As we've seen, the centralized web relies on trustworthy authorities to host our data and uses location-based URLs to access it. But there's another option. On the decentralized web, we can all host each other's data, with a different kind of linking that's more secure, making it easy to trust our neighbors.
Cryptographic hashing is the most important tool in the toolbox of decentralized data structures. It opens the door to a new form of linking, known as content addressing, that liberates us from reliance on central authorities.
If you are new to hashes or hashing functions, we strongly recommend reading this simple guide explaining what are hashes and hash functions.
We will still give an overview of hashes here.
Hashing takes data of any size and type(text, photos, movies) and returns to you a single, fixed-size "hash" that represents it. A hash is a string of characters that looks like a sequence of meaning-less jumbled letters, but you can think of it as a unique name for the data. It might look something like this:
To be honest, these names aren't currently very friendly to humans (beagle.jpg was so much more descriptive!), but they're a lot more secure. Here's why:
Cryptographic hashes can be derived from the content of the data itself, meaning that anyone using the same hashing function(let's say, SHA-1) on the same data will arrive at the same hash. If Alice and Bob are both using the same decentralized web protocol, such as IPFS, to share the exact same photo of a kitten, both images will have exactly the same hash. By comparing those hashes and confirming that they're the same, we can guarantee that every single pixel of those two photos is identical.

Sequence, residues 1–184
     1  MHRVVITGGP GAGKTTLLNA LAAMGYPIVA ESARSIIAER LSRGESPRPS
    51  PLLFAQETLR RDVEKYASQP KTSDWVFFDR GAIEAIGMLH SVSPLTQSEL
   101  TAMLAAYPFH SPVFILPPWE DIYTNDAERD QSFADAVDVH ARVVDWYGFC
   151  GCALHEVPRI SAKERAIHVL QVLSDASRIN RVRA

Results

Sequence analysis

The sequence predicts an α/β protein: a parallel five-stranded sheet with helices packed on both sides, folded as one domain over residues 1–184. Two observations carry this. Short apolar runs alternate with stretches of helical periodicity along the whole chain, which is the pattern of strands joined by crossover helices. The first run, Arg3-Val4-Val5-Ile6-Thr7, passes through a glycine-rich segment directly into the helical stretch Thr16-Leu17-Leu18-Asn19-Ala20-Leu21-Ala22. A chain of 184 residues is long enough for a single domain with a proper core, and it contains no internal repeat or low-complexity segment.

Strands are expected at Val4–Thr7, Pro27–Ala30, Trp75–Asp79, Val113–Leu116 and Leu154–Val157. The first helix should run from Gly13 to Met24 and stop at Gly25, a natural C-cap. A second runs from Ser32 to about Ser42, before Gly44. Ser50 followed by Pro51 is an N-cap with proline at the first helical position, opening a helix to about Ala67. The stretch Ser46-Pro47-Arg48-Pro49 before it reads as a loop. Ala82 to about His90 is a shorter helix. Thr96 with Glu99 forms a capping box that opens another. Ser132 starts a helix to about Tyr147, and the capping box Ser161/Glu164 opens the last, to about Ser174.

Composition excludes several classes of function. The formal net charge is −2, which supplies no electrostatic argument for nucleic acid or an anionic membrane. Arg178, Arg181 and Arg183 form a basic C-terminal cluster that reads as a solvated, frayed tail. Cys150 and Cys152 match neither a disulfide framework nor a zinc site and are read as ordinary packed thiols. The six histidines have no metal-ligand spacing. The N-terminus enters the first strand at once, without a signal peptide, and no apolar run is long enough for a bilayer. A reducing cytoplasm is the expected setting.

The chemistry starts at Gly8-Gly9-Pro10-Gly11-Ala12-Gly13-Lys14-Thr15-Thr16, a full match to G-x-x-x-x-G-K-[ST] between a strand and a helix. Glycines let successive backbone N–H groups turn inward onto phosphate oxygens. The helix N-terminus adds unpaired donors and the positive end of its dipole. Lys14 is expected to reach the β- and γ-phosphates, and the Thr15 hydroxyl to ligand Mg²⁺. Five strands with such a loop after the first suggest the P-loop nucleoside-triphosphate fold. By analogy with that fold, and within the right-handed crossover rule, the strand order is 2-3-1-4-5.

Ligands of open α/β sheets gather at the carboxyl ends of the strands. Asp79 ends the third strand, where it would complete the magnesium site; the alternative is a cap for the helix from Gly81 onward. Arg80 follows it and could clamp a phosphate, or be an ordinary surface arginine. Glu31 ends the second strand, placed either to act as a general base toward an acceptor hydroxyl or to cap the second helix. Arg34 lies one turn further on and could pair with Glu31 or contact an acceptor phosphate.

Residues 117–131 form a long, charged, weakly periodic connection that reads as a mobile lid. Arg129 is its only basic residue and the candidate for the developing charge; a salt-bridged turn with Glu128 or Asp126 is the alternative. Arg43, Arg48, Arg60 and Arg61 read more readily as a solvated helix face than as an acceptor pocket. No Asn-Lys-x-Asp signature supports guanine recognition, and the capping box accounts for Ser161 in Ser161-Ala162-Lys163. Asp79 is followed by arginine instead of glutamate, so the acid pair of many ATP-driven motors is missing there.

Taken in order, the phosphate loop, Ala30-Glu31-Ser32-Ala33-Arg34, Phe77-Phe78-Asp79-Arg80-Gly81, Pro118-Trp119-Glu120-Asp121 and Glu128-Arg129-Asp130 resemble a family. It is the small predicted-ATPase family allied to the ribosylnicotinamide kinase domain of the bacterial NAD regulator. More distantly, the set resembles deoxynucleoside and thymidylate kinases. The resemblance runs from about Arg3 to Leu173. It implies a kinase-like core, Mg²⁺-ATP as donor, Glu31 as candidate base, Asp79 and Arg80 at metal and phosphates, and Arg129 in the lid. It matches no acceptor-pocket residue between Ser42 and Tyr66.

Cryptographic hashes are unique. If Bob uses Photoshop to remove a single whisker from that kitty, the updated image will have a new hash. Simply by looking at that hash, even without access to the file itself, it will be easy to tell that the file now contains different data.
Trust on the decentralized web
On the centralized web, we've learned to trust certain authorities and not others. We do our best with the clues we have from URLs, but there are some malicious actors who use the shortcomings of location addressing to trick us.
On the decentralized web, though, we all pitch in and host each other's data, and content addressing enables us to trust the information that's shared. We may not know much about the peers who are hosting data, but hashes can prevent malicious actors from deceiving us about the content of files. That's what makes cryptographic hashing so important to the decentralized web.
Asking peers for content
With traditional location addressing, we knew that we needed to visit the domain puppies.com to find the content stored as beagle.jpg. If the puppies.com domain was broken for some reason, we'd lose access to that image.
The decentralized web works differently. When we want a specific photo of an adorable pet, we ask for it by its content address (hash). Who do we ask? The whole network! If Alice is online, we'll see that she has the content we're looking for, and we'll know that it's exactly the file we need because it has a matching hash. If she goes offline, we may still be able to get the same photo from Bob or another peer.
Since we use hashes to request data on the decentralized web, we can think of a hash as a link, not just a name.